Tim Soutphommasane, Australia’s race discrimination commissioner, will end his five-year term this month and issued a blistering assessment on Monday of the country’s politics and its commitment to racial equality.
Here are highlights and analysis of Dr. Soutphommasane’s speech, which he was scheduled to deliver Monday night in western Sydney as his last public address.
On the State of Australia and Race
Race politics is back. I take no pleasure in saying this but, right now, it feels like there has never been a more exciting time to be a dog-whistling politician or race-baiting commentator in Australia.
Five years ago, I wouldn’t have said it was likely that we would see the resurgence of far-right politics. I wouldn’t have expected that the biggest threats to racial harmony would come from within our parliaments and from sections of our media. Yet here we are.
Dr. Soutphommasane, a political philosopher with a Ph.D. from Oxford University, opens his speech with a damning, if obvious, diagnosis: Race relations in Australia are getting worse.
His comments come in response to what he later describes as a wave of offensive comments involving race, dominated by conservative commentators and politicians.
But his speech also follows a recent burst of activity by his office that included several data-heavy reports showing the wide gap between Australia’s ethnically diverse population and the mostly white elites running government and business.
Last month, he was co-author of a report showing that Australia’s leading companies are failing to take advantage of the nation’s cultural and linguistic diversity and are losing out as a result.
Before that, he introduced an even more comprehensive look at the lack of diversity in government, large corporations and academia.
In our story about it, we quoted this key conclusion: “Although those who have non-European and Indigenous backgrounds make up an estimated 24 percent of the Australian population, such backgrounds account for only 5 percent of senior leaders.”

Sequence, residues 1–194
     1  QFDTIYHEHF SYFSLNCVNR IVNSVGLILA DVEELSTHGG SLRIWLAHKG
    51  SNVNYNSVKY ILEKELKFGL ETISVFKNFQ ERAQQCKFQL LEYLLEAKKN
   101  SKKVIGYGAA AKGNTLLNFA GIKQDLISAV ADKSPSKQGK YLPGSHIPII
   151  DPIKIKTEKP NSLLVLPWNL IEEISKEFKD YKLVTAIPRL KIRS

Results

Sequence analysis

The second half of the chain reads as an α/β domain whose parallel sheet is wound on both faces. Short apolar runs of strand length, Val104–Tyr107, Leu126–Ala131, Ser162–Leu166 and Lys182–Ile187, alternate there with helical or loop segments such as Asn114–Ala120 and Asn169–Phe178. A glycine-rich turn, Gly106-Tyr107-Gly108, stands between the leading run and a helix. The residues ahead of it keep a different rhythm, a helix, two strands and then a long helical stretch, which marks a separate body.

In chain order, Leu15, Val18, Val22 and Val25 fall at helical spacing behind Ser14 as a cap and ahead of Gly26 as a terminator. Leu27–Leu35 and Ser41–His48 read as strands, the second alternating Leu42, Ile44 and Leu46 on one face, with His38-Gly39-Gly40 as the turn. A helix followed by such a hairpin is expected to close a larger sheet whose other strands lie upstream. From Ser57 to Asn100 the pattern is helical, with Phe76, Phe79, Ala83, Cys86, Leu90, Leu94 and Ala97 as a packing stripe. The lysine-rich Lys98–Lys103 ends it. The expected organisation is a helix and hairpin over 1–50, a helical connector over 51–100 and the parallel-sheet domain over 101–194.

On ‘Yellow Peril’ and Fears of China
The specter of history never lurks far away from our public debates. Consider the debate about foreign influence. Notable commentators have suggested there is a ‘silent invasion’ of Australia being conducted by China, with the Chinese party-state planting ‘fifth column’ operatives within our public institutions. It goes without saying that we must protect our democratic institutions from foreign interference. This should give no excuse, though, for some to rerun old fears about the Yellow Peril.
He goes on to cite specific examples of the trickle-down impact of the discussion, including an incident involving Jenny Leong, a Greens party lawmaker in the New South Wales Parliament, who was harangued by a woman who said: “You are taking over. I know your plan. We are all now second-class citizens because you Chinese are taking over.”
On the Media’s ‘Monetization of Racism’
It’s not just politics that is behind this. Alongside the politicization of racial fear, we are also seeing the monetization of racism.
Sections of a fracturing media industry, under the strain of technological disruption, seem to be using racism as part of their business model.
The Australian media landscape is one of the most highly concentrated in the world, and Dr. Soutphommasane is arguing that some media outlets are using racism to attract eyeballs.
These tend to be outlets owned by Rupert Murdoch.
Sky News Australia, a Murdoch-owned cable news channel, faced withering criticism for airing an interview with Blair Cottrell, the former leader of an anti-Islam, far-right group who has expressed pro-Nazi views.
On Sunday, it admitted on Twitter that “it was wrong” to have done so.
The Australian Press Council also recently received complaints after Andrew Bolt, a conservative commentator for News Corporation, wrote a column last week that described “a tidal wave of immigrants” sweeping away “what’s left of our national identity.”
On ‘Ethnic Ghettos’
Take multiculturalism. There is simply no compelling evidence that Australian multiculturalism is in danger of veering towards ethnic separatism. The evidence shows that we continue to conduct integration extremely well. The children of migrants, on average, outperform the children of Australian-born parents on education and employment. Our social mobility remains high by international standards. Many of those areas which people slander as ethnic ghettos are dynamic and vibrant communities, where no one single ethnic or racial group predominates, and where property prices have been on the rise — hardly signs of ghettos.